Subtropical ocean gyres are known to be zones of accumulated floating plastic debris. However, accumulation at the polar latitudes has been less studied. A recently published study extensively sampled the Arctic Ocean for floating debris and uncovered some interesting findings.
EU support to the MICRO B3 project has fed into the research published in ‘Science Advances’. The team found that although pollution sources were distant, and plastic debris absent in most of the Arctic waters surveyed, it reached high concentrations in the farthest northern and eastern areas of the Greenland and Barents seas. The scientists analysed the magnitude, distribution, and sources of the plastic pollution on the surface waters of the Arctic Ocean based on the Tara Oceans 2013 circumpolar expedition. The MICRO B3 (Marine Microbial Biodiversity, Bioinformatics and Biotechnology) project ended in 2015 but the project’s support is acknowledged by Tara Oceans.
During the circumpolar expedition, Andrés Cózar and his colleagues used nets to collect floating plastic debris, including fishing lines and a variety of plastic films, fragments and granules. Hundreds and thousands of pieces of floating debris per square kilometers were identified, the fragmentation and typology of which leads the researchers to conclude the plastic was old and from distant sources. Accounting for its presence the paper states, ‘Surface circulation models and field data showed that the poleward branch of the Thermohaline Circulation (THC) transfers floating debris from the North Atlantic to the Greenland and Barents seas.’
This would be a dead end for what they describe as a ‘plastic conveyor belt’. Worryingly the team believes that, due to the limited surface transport of the plastic and the mechanisms provoking downward transport, the seabed of the Arctic sector concerned could be an important sink of plastic debris.
Although human population north of 60° latitude is low, the paper mentions the circulation model set out by van Sebille and co-workers, which predicts a plastic accumulation zone in the Arctic Polar Circle, especially in the Barents Sea. This sector of the Arctic Ocean plays a key role in the global THC through the formation of deep water by cooling. The researchers explain that as the THC advects warm surface water from low to high latitudes across the North Atlantic Ocean to the Arctic. It could collect buoyant plastic from populated latitudes. Once in Greenland and Barents seas the landmasses and polar caps would trap the debris.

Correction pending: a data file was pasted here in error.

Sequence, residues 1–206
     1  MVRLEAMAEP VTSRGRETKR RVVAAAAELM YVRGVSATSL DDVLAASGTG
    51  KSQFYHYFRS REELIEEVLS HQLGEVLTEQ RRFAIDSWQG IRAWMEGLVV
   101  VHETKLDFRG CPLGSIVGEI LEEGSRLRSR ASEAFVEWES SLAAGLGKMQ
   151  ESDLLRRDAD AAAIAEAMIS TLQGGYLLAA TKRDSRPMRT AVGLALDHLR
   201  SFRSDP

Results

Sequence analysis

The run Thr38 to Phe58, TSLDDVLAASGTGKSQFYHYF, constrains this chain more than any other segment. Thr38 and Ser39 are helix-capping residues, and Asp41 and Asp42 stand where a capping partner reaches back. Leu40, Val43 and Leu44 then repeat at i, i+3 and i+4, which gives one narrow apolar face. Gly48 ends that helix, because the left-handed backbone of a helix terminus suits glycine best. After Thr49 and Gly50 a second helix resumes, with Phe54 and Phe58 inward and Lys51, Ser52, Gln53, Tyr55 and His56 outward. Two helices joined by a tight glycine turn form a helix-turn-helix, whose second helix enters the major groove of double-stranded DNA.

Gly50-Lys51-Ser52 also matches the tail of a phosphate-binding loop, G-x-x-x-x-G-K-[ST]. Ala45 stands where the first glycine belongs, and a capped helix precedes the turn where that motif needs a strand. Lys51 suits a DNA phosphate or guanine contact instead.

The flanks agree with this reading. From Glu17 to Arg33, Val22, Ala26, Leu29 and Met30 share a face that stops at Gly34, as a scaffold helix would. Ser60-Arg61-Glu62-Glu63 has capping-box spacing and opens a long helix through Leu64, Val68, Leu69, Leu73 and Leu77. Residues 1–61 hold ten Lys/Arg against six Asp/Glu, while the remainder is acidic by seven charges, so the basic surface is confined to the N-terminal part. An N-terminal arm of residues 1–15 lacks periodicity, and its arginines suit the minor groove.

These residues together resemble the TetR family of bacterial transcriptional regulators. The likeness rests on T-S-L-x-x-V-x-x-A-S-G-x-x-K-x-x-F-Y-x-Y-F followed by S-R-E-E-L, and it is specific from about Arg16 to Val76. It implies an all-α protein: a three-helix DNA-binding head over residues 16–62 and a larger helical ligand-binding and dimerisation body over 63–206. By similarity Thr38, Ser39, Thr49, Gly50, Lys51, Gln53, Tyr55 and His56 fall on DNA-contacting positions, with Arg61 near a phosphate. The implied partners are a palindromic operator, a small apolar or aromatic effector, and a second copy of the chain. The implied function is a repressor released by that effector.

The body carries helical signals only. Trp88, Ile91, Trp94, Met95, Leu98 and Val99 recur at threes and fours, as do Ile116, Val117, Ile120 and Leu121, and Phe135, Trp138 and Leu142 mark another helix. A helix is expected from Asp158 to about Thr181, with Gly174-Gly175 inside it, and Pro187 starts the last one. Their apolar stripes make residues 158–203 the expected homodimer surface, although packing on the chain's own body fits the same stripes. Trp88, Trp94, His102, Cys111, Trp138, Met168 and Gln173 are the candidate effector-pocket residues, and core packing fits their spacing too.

Testing showed that although the Arctic Polar Circle was slightly polluted with plastic debris, in the Greenland and Barents seas debris was both abundant and widespread. The team found that maximum concentrations were lower than in the subtropical accumulation zones but the median values were similar, especially in units of number of items.
‘The total load of floating plastic for the ice-free waters of the Arctic Ocean was estimated to range from around 100 to 1 200 tons, with 400 tons composed of an estimated 300 billion plastic items as a midrange estimate,’ reports the paper. Given the wide range, the researchers say the study needs to be considered as a preliminary, first-order approximation. An increased sampling resolution to reduce the confidence interval associated with the variability in the spatial concentrations of plastic and the effect of the wind-induced vertical mixing is required, they assert.
Cordis Source: Based on project and media reports
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